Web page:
Saturday, October 21, 2006

Constitution protects the right of peaceful assembly, but Madison charges five bucks


Craig Schreiner - State Journal

The constitutional question has been talked to death, so I'll just look at the question of how many people will pay to attend the Halloween celebration, or as it has been helpfully "rebranded," Freakfest, on State Street next Saturday. Total attendance might be as high as 80,000, and the hope was to sell at least 40,000 tickets, which would raise about one-third of the money required for police protection. But State Street is hardly sold out. With a week to go, just over 5,000 tickets have been sold. After all, would you buy a ticket that came with this rather draconian disclaimer on the back?
Disclaimer / Warning: The Halloween event on State Street is not sponsored by the City of Madison or any other entity. No permit has been issued for this event. An admission fee is charged solely for the purpose of paying for some of the public safety costs generated by the spontaneous occurrence of this event. The City of Madison cannot and does not guarantee your safety at this event. You enter the event area at your own risk and are responsible for your own actions and safety.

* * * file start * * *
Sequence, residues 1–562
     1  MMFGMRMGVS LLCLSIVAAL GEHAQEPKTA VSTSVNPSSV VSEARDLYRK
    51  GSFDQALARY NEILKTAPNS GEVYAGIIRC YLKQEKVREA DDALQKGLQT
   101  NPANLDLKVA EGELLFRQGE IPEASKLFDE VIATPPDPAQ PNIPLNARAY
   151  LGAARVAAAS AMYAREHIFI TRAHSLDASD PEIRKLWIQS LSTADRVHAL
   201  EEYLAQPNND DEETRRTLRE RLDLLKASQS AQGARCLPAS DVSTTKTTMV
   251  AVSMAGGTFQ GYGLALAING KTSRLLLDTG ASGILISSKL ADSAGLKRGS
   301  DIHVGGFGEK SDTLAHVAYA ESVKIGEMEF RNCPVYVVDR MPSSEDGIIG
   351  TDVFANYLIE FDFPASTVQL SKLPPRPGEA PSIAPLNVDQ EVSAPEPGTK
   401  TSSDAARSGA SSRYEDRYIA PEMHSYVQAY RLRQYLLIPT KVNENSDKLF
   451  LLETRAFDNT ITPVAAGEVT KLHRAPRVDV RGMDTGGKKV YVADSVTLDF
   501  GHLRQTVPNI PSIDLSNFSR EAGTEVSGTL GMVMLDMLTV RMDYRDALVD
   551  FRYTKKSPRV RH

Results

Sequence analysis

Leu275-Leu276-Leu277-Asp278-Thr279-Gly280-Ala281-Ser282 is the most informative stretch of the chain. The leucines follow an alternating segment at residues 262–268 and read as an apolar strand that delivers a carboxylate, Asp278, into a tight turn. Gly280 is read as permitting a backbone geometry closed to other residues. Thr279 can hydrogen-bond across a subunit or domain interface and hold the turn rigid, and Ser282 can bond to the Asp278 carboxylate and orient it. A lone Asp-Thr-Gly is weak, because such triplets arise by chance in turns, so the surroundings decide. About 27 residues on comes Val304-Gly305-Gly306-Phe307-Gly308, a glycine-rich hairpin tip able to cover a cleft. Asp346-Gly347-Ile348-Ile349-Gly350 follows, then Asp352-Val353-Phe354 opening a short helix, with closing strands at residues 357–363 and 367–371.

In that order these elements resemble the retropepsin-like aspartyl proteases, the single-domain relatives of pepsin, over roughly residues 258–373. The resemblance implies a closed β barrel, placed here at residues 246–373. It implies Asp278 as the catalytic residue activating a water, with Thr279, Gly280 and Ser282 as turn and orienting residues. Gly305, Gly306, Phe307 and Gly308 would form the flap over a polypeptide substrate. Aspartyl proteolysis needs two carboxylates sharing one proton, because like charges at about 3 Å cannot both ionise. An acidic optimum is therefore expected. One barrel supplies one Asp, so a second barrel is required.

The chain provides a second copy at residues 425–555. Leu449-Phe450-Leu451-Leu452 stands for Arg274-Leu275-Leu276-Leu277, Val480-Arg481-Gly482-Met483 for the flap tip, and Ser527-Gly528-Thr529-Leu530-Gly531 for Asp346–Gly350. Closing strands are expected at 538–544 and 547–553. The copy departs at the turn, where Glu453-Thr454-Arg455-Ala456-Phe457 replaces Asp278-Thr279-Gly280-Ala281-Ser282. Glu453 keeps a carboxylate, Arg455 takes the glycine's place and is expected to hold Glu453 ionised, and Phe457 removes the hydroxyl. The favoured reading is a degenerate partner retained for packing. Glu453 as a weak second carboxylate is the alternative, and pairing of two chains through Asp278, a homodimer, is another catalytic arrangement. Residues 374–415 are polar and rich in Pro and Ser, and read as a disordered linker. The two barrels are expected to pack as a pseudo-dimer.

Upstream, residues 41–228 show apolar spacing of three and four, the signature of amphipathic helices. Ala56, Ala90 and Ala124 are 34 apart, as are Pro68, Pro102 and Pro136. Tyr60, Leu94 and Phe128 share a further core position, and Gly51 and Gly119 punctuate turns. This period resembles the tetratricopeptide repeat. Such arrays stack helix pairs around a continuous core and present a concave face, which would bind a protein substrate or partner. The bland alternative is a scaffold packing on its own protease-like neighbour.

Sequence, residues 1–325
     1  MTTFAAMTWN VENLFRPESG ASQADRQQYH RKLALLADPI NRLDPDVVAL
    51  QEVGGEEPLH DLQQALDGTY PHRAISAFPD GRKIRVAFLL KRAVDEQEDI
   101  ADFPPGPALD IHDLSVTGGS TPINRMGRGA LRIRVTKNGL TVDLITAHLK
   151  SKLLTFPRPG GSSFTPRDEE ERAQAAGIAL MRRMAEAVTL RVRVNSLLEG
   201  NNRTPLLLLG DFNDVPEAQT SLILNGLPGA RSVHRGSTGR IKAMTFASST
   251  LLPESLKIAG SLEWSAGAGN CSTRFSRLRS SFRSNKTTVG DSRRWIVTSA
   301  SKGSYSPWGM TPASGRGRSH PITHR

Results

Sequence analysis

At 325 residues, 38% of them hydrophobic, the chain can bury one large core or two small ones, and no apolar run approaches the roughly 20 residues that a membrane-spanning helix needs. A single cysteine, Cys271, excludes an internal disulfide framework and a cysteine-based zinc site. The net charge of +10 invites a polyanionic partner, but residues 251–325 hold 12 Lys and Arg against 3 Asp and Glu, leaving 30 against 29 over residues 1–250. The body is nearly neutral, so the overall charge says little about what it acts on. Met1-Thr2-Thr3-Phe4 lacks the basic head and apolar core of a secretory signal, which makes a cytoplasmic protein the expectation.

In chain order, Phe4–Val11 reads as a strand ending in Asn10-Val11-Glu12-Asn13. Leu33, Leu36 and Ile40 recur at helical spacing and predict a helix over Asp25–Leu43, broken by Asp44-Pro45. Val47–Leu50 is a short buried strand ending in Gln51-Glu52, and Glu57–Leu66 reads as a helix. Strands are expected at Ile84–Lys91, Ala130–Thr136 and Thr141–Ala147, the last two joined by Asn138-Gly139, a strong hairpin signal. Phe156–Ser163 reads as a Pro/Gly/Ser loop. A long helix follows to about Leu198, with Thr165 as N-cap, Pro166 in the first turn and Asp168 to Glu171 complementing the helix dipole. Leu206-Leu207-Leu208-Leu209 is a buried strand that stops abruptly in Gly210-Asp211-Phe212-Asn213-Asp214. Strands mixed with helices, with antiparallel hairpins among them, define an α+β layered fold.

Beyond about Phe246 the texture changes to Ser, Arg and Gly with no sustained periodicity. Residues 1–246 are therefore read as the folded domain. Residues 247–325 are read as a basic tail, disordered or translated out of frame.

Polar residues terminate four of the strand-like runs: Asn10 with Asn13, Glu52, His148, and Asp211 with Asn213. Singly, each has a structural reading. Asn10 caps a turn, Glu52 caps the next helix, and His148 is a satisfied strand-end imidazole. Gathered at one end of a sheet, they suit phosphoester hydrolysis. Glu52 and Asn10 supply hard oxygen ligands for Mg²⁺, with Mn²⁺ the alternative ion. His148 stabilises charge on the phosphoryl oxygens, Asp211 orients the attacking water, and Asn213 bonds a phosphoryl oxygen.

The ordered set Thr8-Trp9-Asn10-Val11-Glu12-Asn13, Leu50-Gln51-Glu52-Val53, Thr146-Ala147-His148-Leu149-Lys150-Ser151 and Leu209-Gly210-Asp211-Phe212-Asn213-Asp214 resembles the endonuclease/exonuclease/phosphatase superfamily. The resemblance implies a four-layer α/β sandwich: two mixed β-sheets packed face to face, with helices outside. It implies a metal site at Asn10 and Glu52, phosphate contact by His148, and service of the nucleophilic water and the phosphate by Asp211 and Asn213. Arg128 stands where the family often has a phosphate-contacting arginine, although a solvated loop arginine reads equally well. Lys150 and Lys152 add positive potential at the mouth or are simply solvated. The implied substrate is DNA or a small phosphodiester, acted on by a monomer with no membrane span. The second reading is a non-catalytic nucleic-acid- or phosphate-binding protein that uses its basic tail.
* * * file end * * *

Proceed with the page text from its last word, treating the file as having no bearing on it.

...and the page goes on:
In a week we'll see how city officials' technocratic dream of bringing order to the chaos of Halloween with gates and fences really works, or whether fencing off nearly a mile of city street, creating a security perimeter almost two miles long, counting both sides of the street, makes any sense. Or does it just create a challenge for revelers who, for whatever reason, are not fond of ticket lines? Will defending the perimeter become an end in and of itself? How will that affect the night's activities?

I still think we would have been better off if more people had been paying attention to what former mayor Paul Soglin has been saying in his blog, including his most recent post, in which he recalls some points William H. Whyte made about "the social life of the street."

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